Bunting - The Ancient Music of Ireland, Volume 1, Issue 1, Page 88

Bunting - The Ancient Music of Ireland, Volume 1, Issue 1, Page 88
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periodical Publisher
Hodges & Smith, Dublin, 1840
periodical Editor
Edward Bunting
periodical Title
Bunting - The Ancient Music of Ireland
volume Number
1
issue Content
76 ANCIENT MUSIC OF IRELAND.played the old tunes, not another of the harpers would play after me. He came to Magil-ligan many years ago, and at the age of eighty-six married a woman of Innishowen, whom hefound living in the house of a friend. I cant tell, said Hempson, if it was not the devilbuckled us together, she being lame, and I blind. By this wife he has one daughter, mar-ried to a cooper, who has several children, and maintains them all, though Hempson (in thisalone seeming to doat) says, that his son-in-law is a spendthrift, and that he maintains them;the family humour his whim, and the old man is quieted. He is pleased when they tell him,as he thinks is the case, that several people of character for musical taste send letters toinvite him; and he, though incapable now of leaving the house, is planning expeditions,never to be attempted, much less realized : these are the only traces of mental debility. Asto his body, he has no inconvenience but that arising from a chronic disorder. His habitshave ever heen sober; his favourite drink, once beer, now milk and water ; his diet chieflypotatoes. I asked him to teach my daughter, but he declined; adding, however, that it wastoo hard for a young girl, but nothing would give him greater pleasure, if he thought itcould be done.Lord Bristol, when lodging at the bathing-house of Mount Salut, near Magilligan,gave three guineas, and ground rent free, to build the house where Hempson now lives. Atthe house-warming, his lordship with his lady and family came, and the children danced tohis harp.It will be satisfactory to such as take an interest in the simple annals of the harpers, andvenerate any vestiges of the bardic system, to learn, that the close of Hempsons long life of112 years (he died in 1807) was rendered comfortable by the humanity of the Rev. Sir H.Harvey Bruce, from whose hand he was often literally fed. The day before his death, uponhearing that this gentleman had come to his cabin, lie desired to be raised up in his bed, andthe harp placed in his hands. Having struck some notes of a favourite strain, he sunk backunable to proceed, taking his last adieu of an instrument which had been a companion, evenin his sleeping hours, and was his hourly solace through a life protracted to the longest span.His harp is preserved in Sir Henrys mansion, at Downhill, as a relic of its interesting owner.aIt was made by Cormac OKelIy, about the year 1700, at Ballynascreen, in the countya The following lines are sculptured on it;In the days of Noah I was green;After his flood Ive not been seenUntil seventeen hundred and two, I was found,By Cormac Kelly, under ground;He raised me up to that degree,Queen of Music they call me.The sides and front are made of white sallow, the back of bog fir, patched with copper and iron plates. Quinsharp was made by the same artist. The Editor saw it at Egans, the late harp makers, in Dublin. It was ahandsomely formed instrument, and made, as usual, of red sallow from the bog. It bears date 1707.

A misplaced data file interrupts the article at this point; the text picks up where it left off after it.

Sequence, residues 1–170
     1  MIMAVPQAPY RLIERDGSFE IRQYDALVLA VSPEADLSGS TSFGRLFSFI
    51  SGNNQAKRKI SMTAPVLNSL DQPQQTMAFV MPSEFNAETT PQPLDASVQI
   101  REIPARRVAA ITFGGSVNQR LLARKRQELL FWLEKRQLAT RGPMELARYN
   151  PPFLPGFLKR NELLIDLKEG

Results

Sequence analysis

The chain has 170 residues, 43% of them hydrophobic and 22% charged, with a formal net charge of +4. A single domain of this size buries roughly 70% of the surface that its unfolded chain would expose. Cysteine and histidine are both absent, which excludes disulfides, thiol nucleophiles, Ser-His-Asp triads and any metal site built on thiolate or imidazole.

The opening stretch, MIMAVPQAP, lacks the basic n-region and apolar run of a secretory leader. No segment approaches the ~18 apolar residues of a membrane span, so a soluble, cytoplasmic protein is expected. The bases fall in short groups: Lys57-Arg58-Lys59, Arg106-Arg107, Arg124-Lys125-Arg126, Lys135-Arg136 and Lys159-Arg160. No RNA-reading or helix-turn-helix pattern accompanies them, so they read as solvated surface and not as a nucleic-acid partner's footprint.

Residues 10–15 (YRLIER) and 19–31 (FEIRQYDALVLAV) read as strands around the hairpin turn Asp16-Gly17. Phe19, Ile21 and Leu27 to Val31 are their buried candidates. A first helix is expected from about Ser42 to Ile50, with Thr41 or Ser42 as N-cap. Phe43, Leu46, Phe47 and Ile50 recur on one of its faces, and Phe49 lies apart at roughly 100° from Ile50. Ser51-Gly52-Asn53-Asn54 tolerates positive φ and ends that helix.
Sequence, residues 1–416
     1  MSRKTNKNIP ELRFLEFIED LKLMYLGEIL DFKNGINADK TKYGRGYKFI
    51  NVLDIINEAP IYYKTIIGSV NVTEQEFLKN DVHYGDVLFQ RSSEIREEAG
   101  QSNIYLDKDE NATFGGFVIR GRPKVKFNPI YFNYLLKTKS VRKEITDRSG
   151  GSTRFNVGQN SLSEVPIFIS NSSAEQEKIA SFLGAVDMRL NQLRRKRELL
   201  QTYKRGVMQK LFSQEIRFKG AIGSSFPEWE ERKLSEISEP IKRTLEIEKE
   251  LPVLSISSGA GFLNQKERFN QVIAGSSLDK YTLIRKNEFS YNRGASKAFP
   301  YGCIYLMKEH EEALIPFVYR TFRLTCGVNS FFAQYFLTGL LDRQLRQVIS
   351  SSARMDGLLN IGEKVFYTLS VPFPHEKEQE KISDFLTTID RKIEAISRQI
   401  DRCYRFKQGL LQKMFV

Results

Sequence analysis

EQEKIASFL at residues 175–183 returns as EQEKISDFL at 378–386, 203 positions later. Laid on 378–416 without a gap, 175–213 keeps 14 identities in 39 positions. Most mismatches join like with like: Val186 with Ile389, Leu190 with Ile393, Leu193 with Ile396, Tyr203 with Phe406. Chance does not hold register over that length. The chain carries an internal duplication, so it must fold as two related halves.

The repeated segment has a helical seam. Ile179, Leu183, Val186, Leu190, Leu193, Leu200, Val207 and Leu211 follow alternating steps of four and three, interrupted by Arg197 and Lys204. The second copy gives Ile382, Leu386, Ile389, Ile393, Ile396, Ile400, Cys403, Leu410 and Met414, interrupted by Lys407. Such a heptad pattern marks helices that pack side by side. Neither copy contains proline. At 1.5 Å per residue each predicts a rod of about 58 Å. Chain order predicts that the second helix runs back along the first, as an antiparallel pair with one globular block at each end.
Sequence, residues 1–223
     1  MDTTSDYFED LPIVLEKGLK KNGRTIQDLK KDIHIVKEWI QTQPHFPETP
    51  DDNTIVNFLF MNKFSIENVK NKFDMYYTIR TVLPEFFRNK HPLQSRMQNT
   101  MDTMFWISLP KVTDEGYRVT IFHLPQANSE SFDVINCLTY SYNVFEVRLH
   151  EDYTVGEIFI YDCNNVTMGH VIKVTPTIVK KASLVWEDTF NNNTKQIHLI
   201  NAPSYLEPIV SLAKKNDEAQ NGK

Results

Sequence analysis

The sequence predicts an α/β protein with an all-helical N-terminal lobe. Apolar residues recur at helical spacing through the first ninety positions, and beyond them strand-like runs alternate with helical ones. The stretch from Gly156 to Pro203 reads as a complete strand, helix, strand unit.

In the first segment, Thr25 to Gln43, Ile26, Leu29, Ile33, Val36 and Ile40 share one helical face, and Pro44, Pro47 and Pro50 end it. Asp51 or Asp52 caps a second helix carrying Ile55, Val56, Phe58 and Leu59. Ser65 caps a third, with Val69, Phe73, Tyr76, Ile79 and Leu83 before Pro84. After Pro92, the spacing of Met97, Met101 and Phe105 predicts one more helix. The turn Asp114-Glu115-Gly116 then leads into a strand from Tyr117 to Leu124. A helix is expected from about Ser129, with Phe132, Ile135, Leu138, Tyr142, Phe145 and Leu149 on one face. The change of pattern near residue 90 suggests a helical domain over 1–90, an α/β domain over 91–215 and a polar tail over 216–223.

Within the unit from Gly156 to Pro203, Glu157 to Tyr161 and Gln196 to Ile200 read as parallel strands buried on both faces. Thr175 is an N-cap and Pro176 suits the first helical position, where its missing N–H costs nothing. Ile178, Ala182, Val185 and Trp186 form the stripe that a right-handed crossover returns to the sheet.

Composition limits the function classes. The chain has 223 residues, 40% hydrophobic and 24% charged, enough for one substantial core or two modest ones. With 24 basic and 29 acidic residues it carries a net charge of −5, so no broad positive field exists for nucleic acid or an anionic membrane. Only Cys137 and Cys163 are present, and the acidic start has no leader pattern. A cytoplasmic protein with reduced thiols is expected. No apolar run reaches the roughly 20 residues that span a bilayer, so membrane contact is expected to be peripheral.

issue Number
1
page Number
88
periodical Author
Edward Bunting
issue Publication Date
1840-01-01T00:00:00
allowedRoles
anonymous,guest,friend,member

Bunting - The Ancient Music of Ireland

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